These are contracts between public authorities or conservation organizations and landowners that undertake to manage their land in a specified way in return for periodic payments or a lump sum. If management agreements run with the land and contain positive obligations then they are particularly useful for the long-term conservation of areas rich in biodiversity.
Alternatively, management agreements may take the form of personal contracts with the land-owner that are concluded for a relatively short period of time. These instruments are increas-ingly used to promote extensive agriculture and the conservation of landscape features and semi-natural habitats. Farmers may enter into agreements whereby they are paid to manage their land according to ecological criteria. The system, originally limited to designated Envi-ronmentally Sensitive Areas, is now applicable in the whole of the territory of the member states. Similar systems have been developed in several countries outside the European Union, such as Sweden.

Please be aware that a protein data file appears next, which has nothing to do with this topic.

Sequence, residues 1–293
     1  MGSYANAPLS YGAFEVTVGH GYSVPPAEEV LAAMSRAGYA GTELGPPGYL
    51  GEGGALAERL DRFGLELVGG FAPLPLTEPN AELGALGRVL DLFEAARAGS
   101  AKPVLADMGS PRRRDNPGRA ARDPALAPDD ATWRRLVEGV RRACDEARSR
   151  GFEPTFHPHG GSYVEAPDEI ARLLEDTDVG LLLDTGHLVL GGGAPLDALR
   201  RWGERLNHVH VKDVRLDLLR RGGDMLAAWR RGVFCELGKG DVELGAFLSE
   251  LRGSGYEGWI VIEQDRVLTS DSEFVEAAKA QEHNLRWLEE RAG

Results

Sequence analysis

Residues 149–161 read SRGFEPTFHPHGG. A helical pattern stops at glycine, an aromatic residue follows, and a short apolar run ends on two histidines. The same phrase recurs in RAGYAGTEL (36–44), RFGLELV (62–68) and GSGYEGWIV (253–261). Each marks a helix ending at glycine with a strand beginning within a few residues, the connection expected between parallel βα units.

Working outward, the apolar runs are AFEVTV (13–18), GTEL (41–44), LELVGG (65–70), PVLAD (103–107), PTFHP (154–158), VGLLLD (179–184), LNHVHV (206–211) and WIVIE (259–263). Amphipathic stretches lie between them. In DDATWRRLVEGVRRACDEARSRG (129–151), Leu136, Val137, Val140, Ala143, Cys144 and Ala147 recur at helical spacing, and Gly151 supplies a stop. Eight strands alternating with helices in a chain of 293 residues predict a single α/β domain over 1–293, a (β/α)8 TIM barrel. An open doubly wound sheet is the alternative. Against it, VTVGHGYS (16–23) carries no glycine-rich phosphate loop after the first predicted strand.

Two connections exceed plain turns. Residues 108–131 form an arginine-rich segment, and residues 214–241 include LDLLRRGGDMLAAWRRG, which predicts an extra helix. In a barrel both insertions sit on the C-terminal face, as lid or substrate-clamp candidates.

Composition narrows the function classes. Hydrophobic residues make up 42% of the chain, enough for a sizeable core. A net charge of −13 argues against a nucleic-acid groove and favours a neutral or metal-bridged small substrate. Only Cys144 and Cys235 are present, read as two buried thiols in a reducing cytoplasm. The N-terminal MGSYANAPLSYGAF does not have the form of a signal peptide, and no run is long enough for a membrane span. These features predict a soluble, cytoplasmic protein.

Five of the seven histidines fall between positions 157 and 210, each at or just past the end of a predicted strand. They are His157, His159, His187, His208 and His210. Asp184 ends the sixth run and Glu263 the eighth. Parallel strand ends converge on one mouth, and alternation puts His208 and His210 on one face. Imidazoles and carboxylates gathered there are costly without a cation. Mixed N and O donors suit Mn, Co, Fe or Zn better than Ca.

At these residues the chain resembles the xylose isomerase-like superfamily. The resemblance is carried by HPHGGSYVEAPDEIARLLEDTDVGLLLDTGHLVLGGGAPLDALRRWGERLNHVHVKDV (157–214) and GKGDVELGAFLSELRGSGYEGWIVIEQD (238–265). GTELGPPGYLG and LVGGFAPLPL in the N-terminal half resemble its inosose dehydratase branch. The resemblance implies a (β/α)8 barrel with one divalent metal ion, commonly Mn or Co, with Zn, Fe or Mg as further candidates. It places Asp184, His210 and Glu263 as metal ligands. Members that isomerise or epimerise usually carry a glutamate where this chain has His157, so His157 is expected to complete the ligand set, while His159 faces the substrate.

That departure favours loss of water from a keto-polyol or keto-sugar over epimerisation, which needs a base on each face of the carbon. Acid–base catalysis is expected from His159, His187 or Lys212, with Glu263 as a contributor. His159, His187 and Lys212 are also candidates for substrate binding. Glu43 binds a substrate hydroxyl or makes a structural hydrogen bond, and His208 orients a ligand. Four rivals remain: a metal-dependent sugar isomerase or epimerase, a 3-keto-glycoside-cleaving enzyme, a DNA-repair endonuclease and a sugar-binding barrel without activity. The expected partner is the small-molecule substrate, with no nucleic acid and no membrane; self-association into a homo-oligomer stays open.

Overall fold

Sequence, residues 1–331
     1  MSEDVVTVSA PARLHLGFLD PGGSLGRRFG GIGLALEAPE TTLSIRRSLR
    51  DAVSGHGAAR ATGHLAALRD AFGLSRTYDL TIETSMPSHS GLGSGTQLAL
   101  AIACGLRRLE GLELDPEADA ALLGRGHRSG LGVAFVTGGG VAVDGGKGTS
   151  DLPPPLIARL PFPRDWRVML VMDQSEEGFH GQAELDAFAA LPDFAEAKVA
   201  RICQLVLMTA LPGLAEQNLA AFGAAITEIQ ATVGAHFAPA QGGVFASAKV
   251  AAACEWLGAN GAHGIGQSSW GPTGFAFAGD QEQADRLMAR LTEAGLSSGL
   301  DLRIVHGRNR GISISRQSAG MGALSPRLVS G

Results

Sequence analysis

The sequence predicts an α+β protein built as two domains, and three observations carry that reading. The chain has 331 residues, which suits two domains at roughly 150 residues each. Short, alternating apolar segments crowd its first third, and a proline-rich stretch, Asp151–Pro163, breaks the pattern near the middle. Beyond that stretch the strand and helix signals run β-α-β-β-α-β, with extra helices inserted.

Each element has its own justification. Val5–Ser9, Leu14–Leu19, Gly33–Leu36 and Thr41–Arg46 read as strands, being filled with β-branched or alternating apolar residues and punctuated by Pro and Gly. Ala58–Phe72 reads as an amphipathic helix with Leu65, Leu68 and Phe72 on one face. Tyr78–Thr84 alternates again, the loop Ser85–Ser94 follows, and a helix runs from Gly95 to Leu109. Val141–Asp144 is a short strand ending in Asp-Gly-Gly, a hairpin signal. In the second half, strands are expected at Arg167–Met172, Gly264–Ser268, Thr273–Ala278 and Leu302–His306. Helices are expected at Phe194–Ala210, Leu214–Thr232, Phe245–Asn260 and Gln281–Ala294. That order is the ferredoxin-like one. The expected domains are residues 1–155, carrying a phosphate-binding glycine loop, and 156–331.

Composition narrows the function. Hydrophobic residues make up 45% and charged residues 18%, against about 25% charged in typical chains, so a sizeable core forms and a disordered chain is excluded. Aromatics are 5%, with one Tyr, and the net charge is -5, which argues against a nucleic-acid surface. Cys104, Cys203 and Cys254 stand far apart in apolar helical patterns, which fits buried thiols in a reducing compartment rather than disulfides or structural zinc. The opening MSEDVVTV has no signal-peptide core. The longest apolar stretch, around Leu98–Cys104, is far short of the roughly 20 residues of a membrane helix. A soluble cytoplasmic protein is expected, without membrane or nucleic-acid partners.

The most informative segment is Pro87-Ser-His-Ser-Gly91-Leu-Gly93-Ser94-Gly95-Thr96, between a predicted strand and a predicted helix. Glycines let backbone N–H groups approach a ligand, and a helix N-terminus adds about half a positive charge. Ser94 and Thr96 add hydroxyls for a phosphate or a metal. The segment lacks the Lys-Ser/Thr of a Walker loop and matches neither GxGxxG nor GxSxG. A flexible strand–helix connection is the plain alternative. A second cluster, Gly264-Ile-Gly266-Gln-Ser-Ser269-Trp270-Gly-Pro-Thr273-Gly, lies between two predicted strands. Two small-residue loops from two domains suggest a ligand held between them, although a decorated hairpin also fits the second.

Another type of management agreement is Countryside Stewardship, developed in the United Kingdom, which aims to combine conservation and public enjoyment of land with commer-cial land management through a national system of incentives. The scheme is not area-specific, nor is it restricted to farmers. Proposals for the management, restoration or re-creation of specified categories of habitats or landscape features are screened, and only the best from an environmental point of view are retained. Agreements run for ten years and a sliding scale of premiums is paid per hectare, depending on the complexity of the conserva-tion obligations involved.